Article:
Wednesday, March 31, 2010

How to Save Your Child

I was driving to Target with my daughters yesterday to buy gifts before heading to my co-worker's son's birthday party. As we stopped on the red light, I noticed this man driving in the car next to mine, probably in his late 30's looking at my car. I looked again and I saw him looking at my daughter Ju Ju. I didn't think too much at first, then the light turned green. I started driving again and he, too, started driving. I looked at him again, he's still looking at Ju Ju while he's driving (ok, that's dangerous!) Then we stopped again for another red light. I looked again, now he looked back and looking at her again. I looked the back seat and saw my daughter resting her both hands by the window and looking outside, midning her own business. She didn't know the guy was looking at her.

Now as a mother I thought about two things:

1. This guy simply thinks my daughter is adorable.
2. This guy is creepy and must be a pedophile

Okay girls, I don't deny that I often get stopped by strangers at a supermarket or a restaurant or a boutique and being told how cute my daughters are. Even past weekend, while we're waiting our turn at the deli for cold cuts, this gentleman before me told me, "I just want to say that your daughters are adorable.." - I was flattered and thanked him. And there's nothing wrong with it.

What tremendously bothered me about this guy in the car was, he never once acknowledged me. We stopped side by side at the red lights twice. He never even once looked at me and smiled or nodded; the gestures that I would consider him being polite and telling me that he knew I was her mother. As I was approaching another traffic light to make left turn onto Target, the guy slowly, but surely changing lanes towards the opposite lane to make right turn.

I was watching at my daughter through the rear view mirror when she finally noticed the guy looking at her. She waved him and I immediately looked at the man. He smiled and waved her and disappeared as he made right turn onto the opposite street. Ju Ju said, "Mama, the guy was smiling at me, so I waved..." My heart was racing fast....It was my gut feeling. Something was terribly wrong. I could feel it.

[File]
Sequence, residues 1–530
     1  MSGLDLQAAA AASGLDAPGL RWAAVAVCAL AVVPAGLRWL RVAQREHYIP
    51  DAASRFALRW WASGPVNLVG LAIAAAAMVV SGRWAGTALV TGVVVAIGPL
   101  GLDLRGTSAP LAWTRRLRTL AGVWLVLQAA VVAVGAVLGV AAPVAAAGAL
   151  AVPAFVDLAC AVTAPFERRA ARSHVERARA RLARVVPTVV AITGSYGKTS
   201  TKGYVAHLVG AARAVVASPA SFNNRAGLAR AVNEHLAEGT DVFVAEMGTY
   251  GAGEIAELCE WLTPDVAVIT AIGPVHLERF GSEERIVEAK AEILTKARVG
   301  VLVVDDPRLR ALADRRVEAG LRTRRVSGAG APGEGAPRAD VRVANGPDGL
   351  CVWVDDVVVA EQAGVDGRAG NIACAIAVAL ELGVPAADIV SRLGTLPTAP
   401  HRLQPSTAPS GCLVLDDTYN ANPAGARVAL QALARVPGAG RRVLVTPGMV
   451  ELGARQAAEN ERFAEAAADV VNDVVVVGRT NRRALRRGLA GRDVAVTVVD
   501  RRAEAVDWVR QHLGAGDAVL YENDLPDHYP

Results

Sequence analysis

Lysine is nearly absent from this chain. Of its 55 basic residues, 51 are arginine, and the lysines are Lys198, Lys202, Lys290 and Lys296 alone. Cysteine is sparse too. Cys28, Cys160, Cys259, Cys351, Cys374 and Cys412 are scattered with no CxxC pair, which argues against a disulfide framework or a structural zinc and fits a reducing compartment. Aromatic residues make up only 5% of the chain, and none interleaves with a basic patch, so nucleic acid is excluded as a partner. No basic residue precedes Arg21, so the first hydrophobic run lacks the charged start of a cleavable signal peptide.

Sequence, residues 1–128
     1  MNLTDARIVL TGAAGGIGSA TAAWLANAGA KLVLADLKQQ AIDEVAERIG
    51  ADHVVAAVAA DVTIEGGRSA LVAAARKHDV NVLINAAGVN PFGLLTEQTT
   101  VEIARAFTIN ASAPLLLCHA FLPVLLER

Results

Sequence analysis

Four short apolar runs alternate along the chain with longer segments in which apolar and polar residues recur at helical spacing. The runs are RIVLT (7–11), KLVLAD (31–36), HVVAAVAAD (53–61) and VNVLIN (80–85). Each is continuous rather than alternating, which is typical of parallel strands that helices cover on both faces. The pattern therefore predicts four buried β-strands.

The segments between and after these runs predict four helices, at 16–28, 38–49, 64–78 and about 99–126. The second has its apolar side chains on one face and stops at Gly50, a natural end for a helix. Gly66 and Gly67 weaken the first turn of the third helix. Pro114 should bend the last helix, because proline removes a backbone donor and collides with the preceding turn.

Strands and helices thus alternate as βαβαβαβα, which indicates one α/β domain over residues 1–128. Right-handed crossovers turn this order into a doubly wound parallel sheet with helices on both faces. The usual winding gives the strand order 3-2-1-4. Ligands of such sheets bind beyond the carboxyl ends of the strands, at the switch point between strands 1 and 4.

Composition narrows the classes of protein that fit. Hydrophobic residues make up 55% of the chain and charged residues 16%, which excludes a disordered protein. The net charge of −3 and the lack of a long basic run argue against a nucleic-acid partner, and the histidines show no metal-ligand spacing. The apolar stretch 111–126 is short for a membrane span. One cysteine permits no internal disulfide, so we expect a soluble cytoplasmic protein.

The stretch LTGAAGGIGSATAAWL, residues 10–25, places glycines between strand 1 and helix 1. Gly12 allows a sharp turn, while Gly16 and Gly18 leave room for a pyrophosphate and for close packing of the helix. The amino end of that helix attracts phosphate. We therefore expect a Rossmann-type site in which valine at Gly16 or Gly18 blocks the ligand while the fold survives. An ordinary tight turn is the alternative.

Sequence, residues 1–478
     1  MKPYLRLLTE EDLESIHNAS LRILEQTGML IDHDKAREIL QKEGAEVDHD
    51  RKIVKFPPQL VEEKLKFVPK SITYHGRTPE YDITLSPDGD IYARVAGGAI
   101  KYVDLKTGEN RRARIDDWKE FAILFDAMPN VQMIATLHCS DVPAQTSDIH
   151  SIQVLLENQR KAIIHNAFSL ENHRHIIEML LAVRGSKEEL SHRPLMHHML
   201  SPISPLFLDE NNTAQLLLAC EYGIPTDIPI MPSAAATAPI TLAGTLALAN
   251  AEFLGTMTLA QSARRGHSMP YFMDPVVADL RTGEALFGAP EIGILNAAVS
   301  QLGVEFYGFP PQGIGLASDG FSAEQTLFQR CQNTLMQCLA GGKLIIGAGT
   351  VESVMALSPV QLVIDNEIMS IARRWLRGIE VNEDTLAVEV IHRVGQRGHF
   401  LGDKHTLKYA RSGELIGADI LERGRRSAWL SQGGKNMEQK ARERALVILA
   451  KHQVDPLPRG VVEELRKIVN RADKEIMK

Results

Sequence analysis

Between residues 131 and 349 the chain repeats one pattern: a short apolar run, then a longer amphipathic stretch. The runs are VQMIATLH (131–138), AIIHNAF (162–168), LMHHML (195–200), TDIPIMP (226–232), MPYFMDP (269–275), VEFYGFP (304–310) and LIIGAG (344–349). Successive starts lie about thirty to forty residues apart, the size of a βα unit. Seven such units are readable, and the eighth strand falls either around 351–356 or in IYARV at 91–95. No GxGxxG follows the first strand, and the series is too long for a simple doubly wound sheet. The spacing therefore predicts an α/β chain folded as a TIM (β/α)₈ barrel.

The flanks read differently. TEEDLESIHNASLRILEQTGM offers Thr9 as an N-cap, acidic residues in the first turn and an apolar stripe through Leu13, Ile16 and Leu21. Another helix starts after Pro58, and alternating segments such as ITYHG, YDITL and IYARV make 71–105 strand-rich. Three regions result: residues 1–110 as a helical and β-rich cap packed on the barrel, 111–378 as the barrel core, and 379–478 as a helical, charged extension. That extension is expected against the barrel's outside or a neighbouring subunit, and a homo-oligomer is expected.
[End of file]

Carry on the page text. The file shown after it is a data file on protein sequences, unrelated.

No, he didn't follow us. And yes, it could be totally innocent thing where he honestly thought she was cute and wondered what my daughter was thjnking as she looked outside of the car window. But really, if I was he, I would look at her mom and at least smile.

So that night, I talked to my husband who's in NJ about what happened. He was really, really bothered by my story because he couldn't do anything about it. He was also frustrated with my action where I didn't do anything to control the situation. He told me I should have honked at the guy when I felt something was wrong and letting him know that I knew he was looking at our daughter. JT told me I am the only one who can save our daughters from any harm while he's away and he is right.

I don't want to be cynical, but we're living in the time where we can't trust strangers. It's really sad, but true. Strangers do great things to help other people in need, but there are also crazy sick people who want to hurt children. So, I have to protect my daughters from anyone who wants to hurt them and I feel like I didn't do a good job of doing that. I truly hope the guy was not some sick man who loves little kid. That thought only makes me wanna vomit.

So, what would you do if you were me?


Babs said...

First time I read your blog, and wow what I post... Don't have a clue what I would have done. But my heart is racing just reading about it. I live in Jordan, where it is normal for people to lean down and just kiss your baby/kid, or others to ask if they can carry them! Must admit I don't really like it. but yes you are right we are the only ones who are taking care of our children and who can save them...

eri said...

omigoodness! i have no idea what i would've done. probably exactly what you did. just kept tabs but not really anything else. never underestimate a woman's intuition.

it's so scary and sad to think that the world isn't like it was when we were growing up where playing w/schoolmates and sleepovers were the people are so protective (and rightfully so) that i know a lot of parents that don't allow their child to sleepover friends houses or even go on play-dates unless they fully know the other child's parents.

my sister is lucky that all her friends had kids roughly at the same time so my nephew has so many kids to play with. i hope i'm that lucky.

you're doing a great job maki :)

Rhianne said...

what a terrible situation for you - I probably would have done the same as you - you were wary and in control and if he was ignoring you anyway sounding your horn probably wouldn't have made any difference. I'm sorry you had to go through this :(

emilia. said...